Enterococcal endocarditis management and relapses

JAC Antimicrob Resist. 2024 Mar 6;6(2):dlae033. doi: 10.1093/jacamr/dlae033. eCollection 2024 Apr.


Introduction: Enterococcus faecalis is the third micro-organism causing endocarditis and is associated with a significant relapse rate. The objective of this study was to describe the management of patients with Enterococcus faecalis endocarditis (EE) and its implication for relapses.

Methods: We conducted a monocentric, retrospective analysis of all patients hospitalized for EE including endocarditis or infection of cardiac implantable electronic device defined by the modified ESC 2015 Duke criteria in a referral centre in Paris, France.

Results: Between October 2016, and September 2022, 54 patients with EE were included, mostly men (n = 40, 74%) with a median age of 75 [68-80] years. A high risk for infective endocarditis (IE) was found in 42 patients (78%), including 14 (26%) previous histories of IE, and 32 (59%) histories of valvular cardiac surgery. The aortic valve was the most frequently affected (n = 36, 67%). Combination therapy was mainly amoxicillin-ceftriaxone during all the curative antibiotic therapy duration (n = 31, 57%). Surgery was indicated for 40 patients (74%), but only 27 (50%) were operated on, mainly due to their frailty. Among the 17 deaths (32%), six (11%) happened during the first hospitalization for EE. A suppressive antibiotic treatment was initiated in 15 (29%) patients, mostly because of not performing surgery. During the 6-year study period an EE relapse occurred in three (6%) patients.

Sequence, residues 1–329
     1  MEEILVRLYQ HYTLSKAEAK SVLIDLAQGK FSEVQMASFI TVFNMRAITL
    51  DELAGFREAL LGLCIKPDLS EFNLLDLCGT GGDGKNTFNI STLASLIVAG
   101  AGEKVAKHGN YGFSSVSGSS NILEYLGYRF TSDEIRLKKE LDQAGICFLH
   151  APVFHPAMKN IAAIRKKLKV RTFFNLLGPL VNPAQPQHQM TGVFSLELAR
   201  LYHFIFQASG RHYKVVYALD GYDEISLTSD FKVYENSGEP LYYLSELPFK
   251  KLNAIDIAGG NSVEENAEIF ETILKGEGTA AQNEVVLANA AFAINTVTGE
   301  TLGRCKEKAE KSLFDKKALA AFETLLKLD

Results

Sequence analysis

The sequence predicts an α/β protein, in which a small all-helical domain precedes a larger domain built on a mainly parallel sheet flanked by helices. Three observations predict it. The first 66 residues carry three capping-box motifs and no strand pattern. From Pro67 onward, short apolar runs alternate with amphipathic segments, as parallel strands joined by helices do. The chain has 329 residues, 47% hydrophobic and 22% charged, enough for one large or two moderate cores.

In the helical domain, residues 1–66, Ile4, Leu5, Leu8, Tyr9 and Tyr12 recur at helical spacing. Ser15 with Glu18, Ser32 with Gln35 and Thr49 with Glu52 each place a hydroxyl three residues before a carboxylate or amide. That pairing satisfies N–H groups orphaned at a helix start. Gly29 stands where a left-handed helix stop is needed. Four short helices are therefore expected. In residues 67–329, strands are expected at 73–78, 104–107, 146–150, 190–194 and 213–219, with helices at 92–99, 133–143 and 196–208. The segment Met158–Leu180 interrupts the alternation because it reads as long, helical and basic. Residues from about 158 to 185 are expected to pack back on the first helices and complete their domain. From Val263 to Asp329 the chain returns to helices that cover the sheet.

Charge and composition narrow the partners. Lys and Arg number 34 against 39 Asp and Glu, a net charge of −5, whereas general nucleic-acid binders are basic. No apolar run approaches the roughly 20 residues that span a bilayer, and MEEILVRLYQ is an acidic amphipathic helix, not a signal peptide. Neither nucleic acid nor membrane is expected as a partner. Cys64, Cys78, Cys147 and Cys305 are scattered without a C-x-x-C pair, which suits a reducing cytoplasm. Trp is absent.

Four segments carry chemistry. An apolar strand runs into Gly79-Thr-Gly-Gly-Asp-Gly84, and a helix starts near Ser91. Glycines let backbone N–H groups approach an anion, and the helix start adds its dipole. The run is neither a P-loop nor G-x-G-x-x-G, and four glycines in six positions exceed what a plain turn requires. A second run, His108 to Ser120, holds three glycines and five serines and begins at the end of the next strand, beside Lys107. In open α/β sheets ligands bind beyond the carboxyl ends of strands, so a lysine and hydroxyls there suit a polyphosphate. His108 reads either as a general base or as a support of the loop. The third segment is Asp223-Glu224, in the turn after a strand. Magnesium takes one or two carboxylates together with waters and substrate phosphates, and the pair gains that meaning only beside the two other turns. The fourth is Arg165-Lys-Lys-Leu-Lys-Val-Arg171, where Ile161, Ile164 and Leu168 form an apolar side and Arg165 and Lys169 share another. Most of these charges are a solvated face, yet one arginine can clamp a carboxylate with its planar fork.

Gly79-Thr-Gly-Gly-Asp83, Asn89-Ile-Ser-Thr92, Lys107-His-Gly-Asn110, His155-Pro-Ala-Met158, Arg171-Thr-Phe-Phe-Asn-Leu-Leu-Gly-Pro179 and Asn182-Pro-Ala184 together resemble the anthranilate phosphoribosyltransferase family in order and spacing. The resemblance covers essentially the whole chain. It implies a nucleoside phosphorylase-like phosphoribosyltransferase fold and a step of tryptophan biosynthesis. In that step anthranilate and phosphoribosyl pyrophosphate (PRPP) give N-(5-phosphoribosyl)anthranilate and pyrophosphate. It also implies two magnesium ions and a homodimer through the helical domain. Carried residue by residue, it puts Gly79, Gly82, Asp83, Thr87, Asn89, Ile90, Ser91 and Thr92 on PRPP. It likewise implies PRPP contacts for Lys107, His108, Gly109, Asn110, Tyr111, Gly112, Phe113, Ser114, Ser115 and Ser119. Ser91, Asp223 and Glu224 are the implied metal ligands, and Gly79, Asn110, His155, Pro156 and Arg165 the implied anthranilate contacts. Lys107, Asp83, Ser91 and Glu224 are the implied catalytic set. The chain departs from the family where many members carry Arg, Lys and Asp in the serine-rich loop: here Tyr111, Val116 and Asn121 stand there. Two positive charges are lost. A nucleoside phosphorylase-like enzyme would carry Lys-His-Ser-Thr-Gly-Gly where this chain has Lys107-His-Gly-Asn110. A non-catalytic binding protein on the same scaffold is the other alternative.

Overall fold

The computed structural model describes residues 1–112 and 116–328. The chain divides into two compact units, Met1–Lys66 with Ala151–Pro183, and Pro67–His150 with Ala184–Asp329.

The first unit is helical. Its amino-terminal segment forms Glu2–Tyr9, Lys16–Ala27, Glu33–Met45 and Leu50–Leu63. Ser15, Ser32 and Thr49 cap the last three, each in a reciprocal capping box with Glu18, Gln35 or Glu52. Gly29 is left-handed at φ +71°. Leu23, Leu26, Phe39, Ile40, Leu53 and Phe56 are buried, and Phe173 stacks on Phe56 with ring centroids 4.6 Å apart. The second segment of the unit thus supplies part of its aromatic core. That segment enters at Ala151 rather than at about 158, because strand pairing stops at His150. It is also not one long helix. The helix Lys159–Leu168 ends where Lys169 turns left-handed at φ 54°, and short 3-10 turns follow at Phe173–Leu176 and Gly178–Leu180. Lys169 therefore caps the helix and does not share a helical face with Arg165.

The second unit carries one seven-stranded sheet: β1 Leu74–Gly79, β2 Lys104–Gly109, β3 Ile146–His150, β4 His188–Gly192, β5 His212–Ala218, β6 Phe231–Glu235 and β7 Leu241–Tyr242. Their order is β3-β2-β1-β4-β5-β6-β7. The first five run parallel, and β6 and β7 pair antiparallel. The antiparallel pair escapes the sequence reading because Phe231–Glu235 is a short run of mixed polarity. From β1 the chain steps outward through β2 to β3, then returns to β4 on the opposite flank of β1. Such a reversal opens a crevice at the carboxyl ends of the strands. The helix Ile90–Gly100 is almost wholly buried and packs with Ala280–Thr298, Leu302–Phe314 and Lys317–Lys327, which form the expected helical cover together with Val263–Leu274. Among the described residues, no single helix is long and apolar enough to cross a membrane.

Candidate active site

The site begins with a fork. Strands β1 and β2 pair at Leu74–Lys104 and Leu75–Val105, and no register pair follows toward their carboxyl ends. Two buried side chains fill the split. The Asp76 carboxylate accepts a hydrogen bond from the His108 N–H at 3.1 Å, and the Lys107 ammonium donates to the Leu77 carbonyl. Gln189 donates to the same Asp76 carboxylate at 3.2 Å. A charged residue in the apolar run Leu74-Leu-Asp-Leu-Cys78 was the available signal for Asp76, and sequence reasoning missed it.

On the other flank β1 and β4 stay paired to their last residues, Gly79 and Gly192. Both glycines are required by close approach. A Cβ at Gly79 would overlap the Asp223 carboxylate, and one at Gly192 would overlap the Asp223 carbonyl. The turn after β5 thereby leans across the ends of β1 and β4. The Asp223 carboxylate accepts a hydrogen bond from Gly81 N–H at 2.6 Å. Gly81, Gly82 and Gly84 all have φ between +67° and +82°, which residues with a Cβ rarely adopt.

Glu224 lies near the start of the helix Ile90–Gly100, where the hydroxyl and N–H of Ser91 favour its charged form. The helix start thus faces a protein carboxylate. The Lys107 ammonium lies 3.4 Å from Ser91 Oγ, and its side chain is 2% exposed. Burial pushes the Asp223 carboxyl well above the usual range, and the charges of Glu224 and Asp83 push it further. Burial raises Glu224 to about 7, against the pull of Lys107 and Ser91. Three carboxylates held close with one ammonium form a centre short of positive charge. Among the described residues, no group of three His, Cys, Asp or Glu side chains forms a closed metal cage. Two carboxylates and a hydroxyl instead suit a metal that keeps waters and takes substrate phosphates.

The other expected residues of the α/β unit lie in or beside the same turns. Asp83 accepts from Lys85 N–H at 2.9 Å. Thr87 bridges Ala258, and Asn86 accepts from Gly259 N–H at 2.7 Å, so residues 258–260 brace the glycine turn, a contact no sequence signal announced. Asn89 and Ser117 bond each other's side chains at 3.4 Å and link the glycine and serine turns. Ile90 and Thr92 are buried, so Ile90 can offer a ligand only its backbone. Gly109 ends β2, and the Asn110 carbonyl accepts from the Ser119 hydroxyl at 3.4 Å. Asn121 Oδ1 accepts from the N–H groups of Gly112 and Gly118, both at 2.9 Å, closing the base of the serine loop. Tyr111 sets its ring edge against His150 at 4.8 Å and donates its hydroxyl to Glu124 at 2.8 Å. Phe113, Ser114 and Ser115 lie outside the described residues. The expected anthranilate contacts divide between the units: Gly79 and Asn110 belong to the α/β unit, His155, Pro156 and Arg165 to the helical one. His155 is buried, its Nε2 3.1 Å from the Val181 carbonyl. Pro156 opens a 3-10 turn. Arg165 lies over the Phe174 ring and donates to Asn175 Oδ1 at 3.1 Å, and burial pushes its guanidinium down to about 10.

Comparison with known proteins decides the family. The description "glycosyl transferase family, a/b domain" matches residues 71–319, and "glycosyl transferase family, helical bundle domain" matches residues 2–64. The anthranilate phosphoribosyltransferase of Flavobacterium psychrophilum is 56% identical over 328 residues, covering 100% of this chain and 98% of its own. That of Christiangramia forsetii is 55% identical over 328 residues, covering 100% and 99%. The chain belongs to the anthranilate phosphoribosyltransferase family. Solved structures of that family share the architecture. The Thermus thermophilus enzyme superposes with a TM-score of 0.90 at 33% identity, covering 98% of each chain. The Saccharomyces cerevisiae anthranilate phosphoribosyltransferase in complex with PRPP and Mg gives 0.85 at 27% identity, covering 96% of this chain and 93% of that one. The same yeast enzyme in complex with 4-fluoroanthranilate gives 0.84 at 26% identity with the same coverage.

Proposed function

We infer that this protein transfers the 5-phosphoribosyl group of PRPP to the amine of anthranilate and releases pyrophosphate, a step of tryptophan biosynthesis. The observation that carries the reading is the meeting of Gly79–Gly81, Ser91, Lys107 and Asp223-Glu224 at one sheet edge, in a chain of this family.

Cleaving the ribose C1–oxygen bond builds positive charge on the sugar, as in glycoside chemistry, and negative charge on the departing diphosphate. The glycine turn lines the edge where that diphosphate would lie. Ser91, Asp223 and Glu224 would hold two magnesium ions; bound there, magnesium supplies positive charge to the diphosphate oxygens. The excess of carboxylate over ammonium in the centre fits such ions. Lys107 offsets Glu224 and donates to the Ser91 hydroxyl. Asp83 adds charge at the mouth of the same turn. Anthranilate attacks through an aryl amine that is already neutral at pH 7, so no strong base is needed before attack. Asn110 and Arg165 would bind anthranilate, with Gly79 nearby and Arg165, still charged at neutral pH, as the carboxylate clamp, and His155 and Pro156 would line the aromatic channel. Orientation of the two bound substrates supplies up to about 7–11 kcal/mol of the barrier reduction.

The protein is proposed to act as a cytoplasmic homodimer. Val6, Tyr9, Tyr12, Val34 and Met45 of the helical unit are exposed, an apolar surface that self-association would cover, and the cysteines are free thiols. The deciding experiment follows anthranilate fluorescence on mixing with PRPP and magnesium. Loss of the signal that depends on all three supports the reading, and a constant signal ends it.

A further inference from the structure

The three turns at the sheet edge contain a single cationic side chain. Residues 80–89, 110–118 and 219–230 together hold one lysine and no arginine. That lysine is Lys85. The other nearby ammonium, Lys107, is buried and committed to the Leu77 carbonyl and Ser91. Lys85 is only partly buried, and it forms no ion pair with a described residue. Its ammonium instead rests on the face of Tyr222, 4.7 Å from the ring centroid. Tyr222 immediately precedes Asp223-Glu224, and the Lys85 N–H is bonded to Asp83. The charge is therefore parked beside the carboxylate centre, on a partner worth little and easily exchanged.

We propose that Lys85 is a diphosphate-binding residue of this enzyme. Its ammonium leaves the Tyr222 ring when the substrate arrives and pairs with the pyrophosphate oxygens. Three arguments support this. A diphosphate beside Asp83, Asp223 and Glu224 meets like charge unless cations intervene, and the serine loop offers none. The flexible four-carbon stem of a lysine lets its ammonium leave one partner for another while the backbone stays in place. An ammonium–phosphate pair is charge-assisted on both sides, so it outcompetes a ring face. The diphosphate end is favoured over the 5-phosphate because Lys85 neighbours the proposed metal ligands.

Conclusions: EE is a worrying disease associated with a high risk of relapse and significant mortality. Suppressive antibiotic therapy could be a key treatment to limit the occurrence of relapses.